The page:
Freeing Agunot by Annulling Marriages: Publicize the Rationale for the Ruling!
On June 5th, The Times of Israel reported that a private rabbinical court headed by Rabbi Daniel Sperber annulled the marriage of a woman, Mrs. Tzviya Gorodetsky, who was an agunah for 23 years. One of the primary arguments that Rabbi Sperber’s Bet Din employed to free Mrs. Gorodetsky was that the abusive conditions of the marriage were such that no one would knowingly have agreed to get married and, therefore, the marriage was made under false pretenses and should be annulled. (There were other grounds, as well.) If this halachic argument was accepted by the Chief Rabbinate of Israel, then it would likely solve most if not all agunah cases, but for reasons beyond the scope of this article, it is not considered an acceptable halakhic argument by the Chief Rabbinate.
On June 18th, The Times of Israel reported that the Haifa Rabbinical Court voided the marriage of Oded Guez, a well-known Get refuser, to his wife, thereby freeing her after being an agunah for more than four years. When the ruling of the Haifa Rabbinical Court was made known to the public, some suggested that the Beit Din of Rabbi Sperber paved the way for this rabbinic court to make a similar ruling. Additionally, the court was initially criticized for not publicizing the legal mechanism used to free Ms. Guez.
It was eventually reported that the Haifa Rabbinical Court found that one of the witnesses to the Guez wedding was found to have been an invalid witness since at that time he was a public Shabbat desecrator and was someone who was known to have engaged in forbidden sexual relationships. Two reasons were reported as to why the members of the Beit Din may have not initially publicized the reason for annulling the Guez marriage. First, they may have been concerned that if they would publicize the reasons for their ruling then other rabbis might cast doubt on the ruling if the latter felt that the reasons weren’t compelling and they might even announce that Ms. Guez is still a married woman. Secondly, the members of the Beit Din may have not wanted to publicly spread “lashon hara” that the witness was a public Shabbat desecrator and someone to have been known to have engaged in forbidden sexual relationships.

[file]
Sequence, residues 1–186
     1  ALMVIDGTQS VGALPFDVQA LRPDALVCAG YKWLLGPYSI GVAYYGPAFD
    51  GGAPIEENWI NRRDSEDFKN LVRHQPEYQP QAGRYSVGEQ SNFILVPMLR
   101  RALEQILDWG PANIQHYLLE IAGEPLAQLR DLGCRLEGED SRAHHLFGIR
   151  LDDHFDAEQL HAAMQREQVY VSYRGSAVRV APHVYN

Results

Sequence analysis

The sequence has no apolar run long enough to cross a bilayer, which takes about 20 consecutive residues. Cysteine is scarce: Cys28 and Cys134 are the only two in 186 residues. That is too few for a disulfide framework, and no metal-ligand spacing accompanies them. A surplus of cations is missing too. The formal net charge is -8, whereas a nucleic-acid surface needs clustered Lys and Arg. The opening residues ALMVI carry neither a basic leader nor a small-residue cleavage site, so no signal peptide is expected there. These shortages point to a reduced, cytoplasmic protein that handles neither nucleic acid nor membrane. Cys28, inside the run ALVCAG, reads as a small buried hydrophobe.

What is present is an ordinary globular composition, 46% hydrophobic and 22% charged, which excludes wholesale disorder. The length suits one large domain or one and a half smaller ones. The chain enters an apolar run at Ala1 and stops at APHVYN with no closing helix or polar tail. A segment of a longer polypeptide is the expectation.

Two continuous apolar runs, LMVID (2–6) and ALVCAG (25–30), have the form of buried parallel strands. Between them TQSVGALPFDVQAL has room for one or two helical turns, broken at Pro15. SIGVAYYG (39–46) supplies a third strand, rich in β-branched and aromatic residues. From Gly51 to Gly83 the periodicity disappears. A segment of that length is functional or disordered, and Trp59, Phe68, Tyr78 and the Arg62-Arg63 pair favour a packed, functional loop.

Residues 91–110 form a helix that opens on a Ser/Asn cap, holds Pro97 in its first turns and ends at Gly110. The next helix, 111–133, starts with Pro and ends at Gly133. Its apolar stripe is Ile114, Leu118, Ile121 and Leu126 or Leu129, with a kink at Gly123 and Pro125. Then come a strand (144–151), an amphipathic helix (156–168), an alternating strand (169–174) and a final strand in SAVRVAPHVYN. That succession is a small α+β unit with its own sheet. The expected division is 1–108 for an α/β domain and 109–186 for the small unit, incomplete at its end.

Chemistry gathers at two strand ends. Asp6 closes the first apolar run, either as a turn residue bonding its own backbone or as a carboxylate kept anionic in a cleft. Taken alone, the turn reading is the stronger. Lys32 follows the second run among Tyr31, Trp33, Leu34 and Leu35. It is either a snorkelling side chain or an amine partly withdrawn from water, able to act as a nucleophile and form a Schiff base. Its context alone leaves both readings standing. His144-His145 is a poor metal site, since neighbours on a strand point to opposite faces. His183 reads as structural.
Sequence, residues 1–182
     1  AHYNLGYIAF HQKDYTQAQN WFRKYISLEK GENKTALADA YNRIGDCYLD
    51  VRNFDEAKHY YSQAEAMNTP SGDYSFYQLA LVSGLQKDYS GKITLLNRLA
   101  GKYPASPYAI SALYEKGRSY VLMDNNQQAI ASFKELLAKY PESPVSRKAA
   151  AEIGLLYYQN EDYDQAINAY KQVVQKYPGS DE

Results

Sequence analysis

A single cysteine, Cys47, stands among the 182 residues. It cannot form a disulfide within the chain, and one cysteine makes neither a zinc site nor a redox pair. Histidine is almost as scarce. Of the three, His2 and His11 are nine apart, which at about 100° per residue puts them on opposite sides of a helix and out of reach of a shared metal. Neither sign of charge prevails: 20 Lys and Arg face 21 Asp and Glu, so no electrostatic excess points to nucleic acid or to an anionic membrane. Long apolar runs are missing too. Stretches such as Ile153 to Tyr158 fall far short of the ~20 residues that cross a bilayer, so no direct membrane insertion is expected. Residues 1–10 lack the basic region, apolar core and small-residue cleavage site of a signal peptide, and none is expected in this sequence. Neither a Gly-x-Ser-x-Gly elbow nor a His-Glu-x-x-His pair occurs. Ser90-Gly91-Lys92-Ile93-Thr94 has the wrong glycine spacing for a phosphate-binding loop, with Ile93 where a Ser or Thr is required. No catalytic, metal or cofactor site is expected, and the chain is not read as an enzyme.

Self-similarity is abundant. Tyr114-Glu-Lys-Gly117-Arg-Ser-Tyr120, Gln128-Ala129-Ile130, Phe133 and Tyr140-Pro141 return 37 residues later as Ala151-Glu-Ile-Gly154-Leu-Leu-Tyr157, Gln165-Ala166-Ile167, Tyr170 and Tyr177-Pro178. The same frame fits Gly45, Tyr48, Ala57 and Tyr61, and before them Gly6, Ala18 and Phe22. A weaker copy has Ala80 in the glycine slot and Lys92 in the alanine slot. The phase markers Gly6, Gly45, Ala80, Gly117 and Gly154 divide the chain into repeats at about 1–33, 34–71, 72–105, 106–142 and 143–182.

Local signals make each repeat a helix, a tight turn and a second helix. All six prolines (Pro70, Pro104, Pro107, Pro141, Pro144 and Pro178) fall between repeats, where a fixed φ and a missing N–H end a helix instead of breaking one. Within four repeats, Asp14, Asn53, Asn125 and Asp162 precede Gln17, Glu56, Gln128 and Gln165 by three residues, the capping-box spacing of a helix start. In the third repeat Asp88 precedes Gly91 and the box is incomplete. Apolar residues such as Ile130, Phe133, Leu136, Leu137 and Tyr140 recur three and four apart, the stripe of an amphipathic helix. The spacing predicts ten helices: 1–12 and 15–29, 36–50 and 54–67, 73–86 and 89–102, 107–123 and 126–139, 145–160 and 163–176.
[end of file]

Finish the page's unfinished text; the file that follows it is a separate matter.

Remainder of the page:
I can understand the hesitancy of the Haifa Rabbinical Court to disclose the reasons for its ruling. After all, the Shulhan Arukh (Yoreh Dei’ah, 242:10) cites an opinion that a Sage may not permit something questionable that will appear to the masses that he has permitted something forbidden. As such, we are halakhically concerned about publicizing a halacha that could be misconstrued. I can also understand that the members Beit Din may not want to spread gossip about a particular individual, i.e., one of the witnesses to the Guez marriage ceremony. However, I am pleased that the reasons for this ruling were disclosed and made public. The plight of the agunah is one of the most challenging and tragic issues that our halakhic community must face and in response to this challenge, many suggestions have been proposed, some of which have been accepted by mainstream Orthodox rabbinic authorities and some of which have not.
Failure for a Beit Din to disclose the reasons for annulling a marriage can create confusion, like it did in this case, that the Haifa Beit Din may have simply been following in the footsteps of Rabbi Sperber’s Beit Din, when in reality, no evidence suggests that to be true. Even if a Beit Din might be criticized, it is important for it to provide a rationale for its ruling so that other Batei Din can learn from it and perhaps broaden their perspectives as to the options that they have to free agunot from their tragic plight.